Named for its three heads, the long, medial, and lateral, triceps brachii is one of the larger muscles on the back of the upper limb. Arising from the scapula’s infraglenoid tubercle, the long head travels in front of the teres minor and behind the teres major. Visible only distally on the humerus, the medial head arises from four different areas; from behind the humerus, from within the radial nerve, from the medial intermuscular septum; and also from the lateral intermuscular septum. The final, lateral head arises from the rear of the humerus, and spans down to the region of the lateral intermuscular septum. All three converge into a single tendon which itself inserts into the ulna and to the posterior wall of the elbow joint capsule.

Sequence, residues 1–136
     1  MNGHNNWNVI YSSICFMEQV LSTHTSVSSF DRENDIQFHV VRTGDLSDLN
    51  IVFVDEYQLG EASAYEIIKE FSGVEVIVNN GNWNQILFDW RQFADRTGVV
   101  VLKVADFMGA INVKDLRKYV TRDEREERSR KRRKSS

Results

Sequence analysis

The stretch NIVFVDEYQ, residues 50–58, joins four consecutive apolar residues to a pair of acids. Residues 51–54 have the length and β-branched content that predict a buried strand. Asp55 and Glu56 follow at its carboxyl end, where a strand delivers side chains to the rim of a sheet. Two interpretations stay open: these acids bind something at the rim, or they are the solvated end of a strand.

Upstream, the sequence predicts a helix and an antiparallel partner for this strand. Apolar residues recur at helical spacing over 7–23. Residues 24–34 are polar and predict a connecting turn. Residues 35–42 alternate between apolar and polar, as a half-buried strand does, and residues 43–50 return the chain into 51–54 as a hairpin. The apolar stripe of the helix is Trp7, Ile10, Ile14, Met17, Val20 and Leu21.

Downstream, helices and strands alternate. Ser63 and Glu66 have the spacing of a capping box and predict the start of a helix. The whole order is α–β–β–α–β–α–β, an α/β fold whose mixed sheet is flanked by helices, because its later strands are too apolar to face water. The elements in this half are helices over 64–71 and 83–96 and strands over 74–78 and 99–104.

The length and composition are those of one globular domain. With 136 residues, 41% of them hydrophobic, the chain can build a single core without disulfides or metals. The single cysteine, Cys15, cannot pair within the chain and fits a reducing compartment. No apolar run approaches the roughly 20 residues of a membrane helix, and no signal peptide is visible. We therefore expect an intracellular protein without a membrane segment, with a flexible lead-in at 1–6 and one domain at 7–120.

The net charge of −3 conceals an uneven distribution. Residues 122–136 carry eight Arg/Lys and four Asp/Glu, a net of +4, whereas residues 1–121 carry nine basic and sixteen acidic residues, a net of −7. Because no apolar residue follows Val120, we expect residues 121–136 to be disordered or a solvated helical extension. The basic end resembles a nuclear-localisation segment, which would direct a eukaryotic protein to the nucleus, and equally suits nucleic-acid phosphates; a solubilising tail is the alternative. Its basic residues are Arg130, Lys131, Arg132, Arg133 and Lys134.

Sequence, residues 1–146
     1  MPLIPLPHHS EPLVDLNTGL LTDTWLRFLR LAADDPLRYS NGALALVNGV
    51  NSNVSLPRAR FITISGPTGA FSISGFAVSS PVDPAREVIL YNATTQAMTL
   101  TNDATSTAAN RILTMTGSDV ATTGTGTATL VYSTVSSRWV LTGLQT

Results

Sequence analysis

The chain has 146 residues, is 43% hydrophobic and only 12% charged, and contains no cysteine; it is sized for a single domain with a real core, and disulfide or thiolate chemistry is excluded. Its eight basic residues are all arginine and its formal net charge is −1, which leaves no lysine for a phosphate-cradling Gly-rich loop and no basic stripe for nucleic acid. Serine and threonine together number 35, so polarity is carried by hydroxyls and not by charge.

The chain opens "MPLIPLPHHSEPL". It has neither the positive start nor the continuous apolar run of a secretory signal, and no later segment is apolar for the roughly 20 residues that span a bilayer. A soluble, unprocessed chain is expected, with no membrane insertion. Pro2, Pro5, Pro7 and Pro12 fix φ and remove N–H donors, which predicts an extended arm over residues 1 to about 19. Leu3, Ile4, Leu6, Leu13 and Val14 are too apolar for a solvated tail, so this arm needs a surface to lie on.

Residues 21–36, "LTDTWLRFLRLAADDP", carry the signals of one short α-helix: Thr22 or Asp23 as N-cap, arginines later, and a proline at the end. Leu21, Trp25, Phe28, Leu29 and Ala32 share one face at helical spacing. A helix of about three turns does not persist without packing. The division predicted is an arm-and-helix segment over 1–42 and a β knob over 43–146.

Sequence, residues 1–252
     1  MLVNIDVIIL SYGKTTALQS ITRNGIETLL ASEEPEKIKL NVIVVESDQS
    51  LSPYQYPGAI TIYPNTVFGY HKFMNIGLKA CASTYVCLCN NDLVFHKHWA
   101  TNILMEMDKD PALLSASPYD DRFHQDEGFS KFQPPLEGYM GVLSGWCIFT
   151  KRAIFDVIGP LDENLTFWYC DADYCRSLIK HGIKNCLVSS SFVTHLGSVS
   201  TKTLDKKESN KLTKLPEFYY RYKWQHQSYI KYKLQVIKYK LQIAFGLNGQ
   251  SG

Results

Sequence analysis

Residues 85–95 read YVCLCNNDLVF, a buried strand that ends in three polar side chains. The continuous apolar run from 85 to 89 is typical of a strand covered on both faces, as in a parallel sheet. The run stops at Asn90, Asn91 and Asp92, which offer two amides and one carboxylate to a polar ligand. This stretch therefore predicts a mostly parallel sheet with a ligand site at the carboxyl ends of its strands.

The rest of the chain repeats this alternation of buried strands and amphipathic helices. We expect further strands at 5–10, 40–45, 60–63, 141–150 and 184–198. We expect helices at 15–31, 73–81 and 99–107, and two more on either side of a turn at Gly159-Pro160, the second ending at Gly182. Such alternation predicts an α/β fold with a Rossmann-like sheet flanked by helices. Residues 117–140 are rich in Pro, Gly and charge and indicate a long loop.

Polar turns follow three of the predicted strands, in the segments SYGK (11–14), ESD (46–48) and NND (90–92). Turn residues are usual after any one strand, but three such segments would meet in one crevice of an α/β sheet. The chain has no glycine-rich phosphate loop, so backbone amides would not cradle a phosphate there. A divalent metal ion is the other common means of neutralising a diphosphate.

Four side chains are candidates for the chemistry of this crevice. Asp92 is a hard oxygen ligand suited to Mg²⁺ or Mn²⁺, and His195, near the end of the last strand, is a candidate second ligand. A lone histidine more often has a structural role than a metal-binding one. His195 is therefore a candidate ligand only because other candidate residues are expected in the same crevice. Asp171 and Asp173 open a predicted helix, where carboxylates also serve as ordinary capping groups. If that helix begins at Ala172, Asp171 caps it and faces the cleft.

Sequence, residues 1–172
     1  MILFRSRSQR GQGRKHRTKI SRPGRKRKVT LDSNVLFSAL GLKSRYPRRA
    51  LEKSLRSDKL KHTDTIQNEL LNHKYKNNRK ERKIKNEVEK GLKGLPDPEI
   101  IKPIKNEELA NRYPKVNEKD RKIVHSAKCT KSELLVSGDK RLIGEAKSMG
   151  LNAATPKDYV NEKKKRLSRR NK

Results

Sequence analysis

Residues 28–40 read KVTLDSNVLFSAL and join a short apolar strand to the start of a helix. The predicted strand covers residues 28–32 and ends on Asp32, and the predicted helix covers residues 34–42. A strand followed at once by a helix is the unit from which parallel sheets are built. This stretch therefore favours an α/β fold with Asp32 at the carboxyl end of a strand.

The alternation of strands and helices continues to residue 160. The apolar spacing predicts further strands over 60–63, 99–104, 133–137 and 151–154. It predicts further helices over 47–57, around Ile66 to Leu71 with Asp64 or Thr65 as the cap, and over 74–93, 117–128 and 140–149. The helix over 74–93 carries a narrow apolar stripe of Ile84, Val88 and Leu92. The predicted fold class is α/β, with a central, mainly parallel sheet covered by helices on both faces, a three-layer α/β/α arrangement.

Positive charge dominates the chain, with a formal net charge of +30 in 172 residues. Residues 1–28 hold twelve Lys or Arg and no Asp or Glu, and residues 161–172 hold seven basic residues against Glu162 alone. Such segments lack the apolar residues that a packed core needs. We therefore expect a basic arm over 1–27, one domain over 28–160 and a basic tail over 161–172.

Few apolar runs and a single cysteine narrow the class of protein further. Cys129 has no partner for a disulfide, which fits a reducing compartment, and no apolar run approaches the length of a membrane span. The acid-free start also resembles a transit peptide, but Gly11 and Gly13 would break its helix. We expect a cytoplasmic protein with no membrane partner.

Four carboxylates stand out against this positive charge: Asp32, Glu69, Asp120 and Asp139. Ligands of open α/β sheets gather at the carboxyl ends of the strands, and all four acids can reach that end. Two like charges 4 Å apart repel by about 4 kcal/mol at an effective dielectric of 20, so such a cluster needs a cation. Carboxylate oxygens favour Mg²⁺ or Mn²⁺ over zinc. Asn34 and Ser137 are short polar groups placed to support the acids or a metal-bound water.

Mainly responsible for elbow joint extension or in laymen’s terms, straightening the arm, the triceps is an extremely important muscle with many functions. When painting or writing (or performing any action requiring fine dexterity), the triceps locks the elbow in place. When there is a need for dual control of elbow and shoulder, or when sustained force is required, the long head comes into play. When high-intensity force is called for, the lateral head is engaged, and for precise, low force actions, the medial. While it has historically been believed that innervation comes from the radial nerve, it has been proven that in fact the axillary nerve is responsible.